• Efficiency – the time it takes a citizen to engage and the cost to the institution itself
  • Transferability – how well the method can port across to different contexts

It is our role as SUs (as Institutions) to have a participatory method that maximises all 6 of the goods, recognising that strengthening one area may lead to a trade-off in another; it is also our role to ensure that all aspects, including hygiene factors (such as chairing, how people are selected), contribute to the maximisation of the goods. So as we review our own democracy, our own exploration of the goods has shown some critical misunderstandings of the citizens’ jury model, seemingly lost when we (and other SU’s with our model) ported the model across institutions.

Trade offs

SU’s have not typically been holistic when porting practice and have nibbled away at ideas to make them fit context. We are frequently magpies, borrowing a Rep System here, a Communication Strategy there: this is one of the strengths of our movements, but can cause us problems as we miss parts of the fundamental institutional design.

Smith’s model gets around this by essentially arguing that transfer of ideas and structures is good, but we need to think about the goods first and work around those: to fit context, we should holistically design to maximise the goods again. When we as a movement ported citizens’ juries, we didn’t do this holistic design and what were original misunderstandings of the model have become endemic weaknesses. This was shown mostly in the way in which we have structured deliberation, and the way in which we have ensured a representative grouping.

Arguably the two strongest elements of citizens’ juries are the way in which they maximise Considered Judgment and the way in which they ensure Inclusivity. They do the first by allowing a lot of time and expertise before the jury can come to come to a decision: the Jefferson Center allow up to 4 days for discussion of one single issue, with numerous experts and interest group invited to give evidence.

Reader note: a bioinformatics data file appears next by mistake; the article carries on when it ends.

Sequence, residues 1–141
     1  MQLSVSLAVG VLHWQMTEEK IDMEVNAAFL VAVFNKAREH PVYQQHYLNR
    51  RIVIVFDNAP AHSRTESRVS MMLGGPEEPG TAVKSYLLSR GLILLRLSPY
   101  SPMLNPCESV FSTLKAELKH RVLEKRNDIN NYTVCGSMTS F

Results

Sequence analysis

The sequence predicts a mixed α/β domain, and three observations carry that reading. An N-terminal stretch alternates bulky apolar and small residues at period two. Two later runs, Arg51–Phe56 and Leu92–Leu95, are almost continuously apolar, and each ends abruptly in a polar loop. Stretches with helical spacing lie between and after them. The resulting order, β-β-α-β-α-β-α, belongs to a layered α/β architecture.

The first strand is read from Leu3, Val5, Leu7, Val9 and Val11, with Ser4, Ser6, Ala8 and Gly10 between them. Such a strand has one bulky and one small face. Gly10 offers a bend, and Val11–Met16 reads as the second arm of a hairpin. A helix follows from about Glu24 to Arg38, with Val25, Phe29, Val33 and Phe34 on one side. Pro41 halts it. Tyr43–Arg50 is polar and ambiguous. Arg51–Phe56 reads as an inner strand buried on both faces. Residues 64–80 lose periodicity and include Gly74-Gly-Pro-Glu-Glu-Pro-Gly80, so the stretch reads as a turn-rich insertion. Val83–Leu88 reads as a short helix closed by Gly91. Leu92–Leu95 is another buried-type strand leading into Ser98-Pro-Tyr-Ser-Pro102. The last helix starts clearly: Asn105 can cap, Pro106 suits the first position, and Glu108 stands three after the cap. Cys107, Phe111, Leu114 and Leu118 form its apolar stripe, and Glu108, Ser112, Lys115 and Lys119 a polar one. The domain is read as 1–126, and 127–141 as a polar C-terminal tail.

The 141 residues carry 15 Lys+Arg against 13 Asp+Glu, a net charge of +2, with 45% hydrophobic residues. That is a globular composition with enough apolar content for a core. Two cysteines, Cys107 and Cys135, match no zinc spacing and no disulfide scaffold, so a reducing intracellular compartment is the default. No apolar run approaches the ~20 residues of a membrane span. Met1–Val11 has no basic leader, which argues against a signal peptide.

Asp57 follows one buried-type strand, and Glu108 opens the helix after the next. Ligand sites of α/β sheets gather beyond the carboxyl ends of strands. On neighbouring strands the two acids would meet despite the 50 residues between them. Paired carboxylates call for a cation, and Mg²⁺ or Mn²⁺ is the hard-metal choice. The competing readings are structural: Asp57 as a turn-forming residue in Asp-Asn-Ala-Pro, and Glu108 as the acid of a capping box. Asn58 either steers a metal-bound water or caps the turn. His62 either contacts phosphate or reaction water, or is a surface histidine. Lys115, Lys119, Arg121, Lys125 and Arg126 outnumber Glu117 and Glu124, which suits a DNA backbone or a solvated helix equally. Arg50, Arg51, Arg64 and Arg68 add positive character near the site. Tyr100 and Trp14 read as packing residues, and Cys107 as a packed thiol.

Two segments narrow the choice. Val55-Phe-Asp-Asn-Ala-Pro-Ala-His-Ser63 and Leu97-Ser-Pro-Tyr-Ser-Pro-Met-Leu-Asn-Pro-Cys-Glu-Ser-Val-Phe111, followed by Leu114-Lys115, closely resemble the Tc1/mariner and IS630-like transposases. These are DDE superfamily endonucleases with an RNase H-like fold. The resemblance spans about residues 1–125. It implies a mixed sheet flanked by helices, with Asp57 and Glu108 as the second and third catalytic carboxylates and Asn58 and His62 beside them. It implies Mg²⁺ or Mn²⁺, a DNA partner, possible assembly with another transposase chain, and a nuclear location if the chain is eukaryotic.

They do the second by using fairly common stratified sampling techniques to ensure the group is representative of the whole: citizens aren’t in the room to be representatives of the groups they come from, but to speak about and to their experience. At their very basis, the Citizens’ Jury design was that a group of citizens could make representative and considered public policy decisions if you give them all the time and energy to let them do so: they are structured in a way to give a group of citizens’ a lot of time to talk, question and review evidence.

Crucially, we abandoned these strengths when we adapted the model to the Student Council context: what were days was compressed to minutes, what was depth analysis of a single issue became the breadth of a lot of business and what was a representative group became random (because let’s face it, it is hard enough to get random students in a room, let alone a stratified sample of random students).

We simply ported what looked like a nice idea, but took away much of the infra-structure that forms the idea’s holistic design. With the abandonment of the core strength of citizen’s juries, we have ended up with a model where a random, unrepresentative group of people have a short time to make a choice about a complex issue that they don’t have all of the information on. We’ve traded the goods to make things easier for ourselves as organisations, doing a grave disservice to both the model and our members.

Can we save the citizens’ jury in SUs?

As we move into the next phase of Democratic Reviews, some of the issues that I’ve labelled above have ended up being the focal point of discussion and a number of SUs have started to abandon citizens’ jury models in favour of different models. This is probably a good thing. With this abandonment, can we make space for citizens’ juries in the way that they were intended?

They can come to fruition in contexts where small, carefully balanced groups of people have a lot of time to come up with solutions to some of the issues that our members face. We can build a radically different policy environment by allowing our members time, expertise and energy to solve complex policy issues: I have no doubt that a group of students in all of our institutions can use the model as it was intended, by sampling well, giving good evidence and most of all giving them time. We just can’t make them a Students’ Council.

Leave a Reply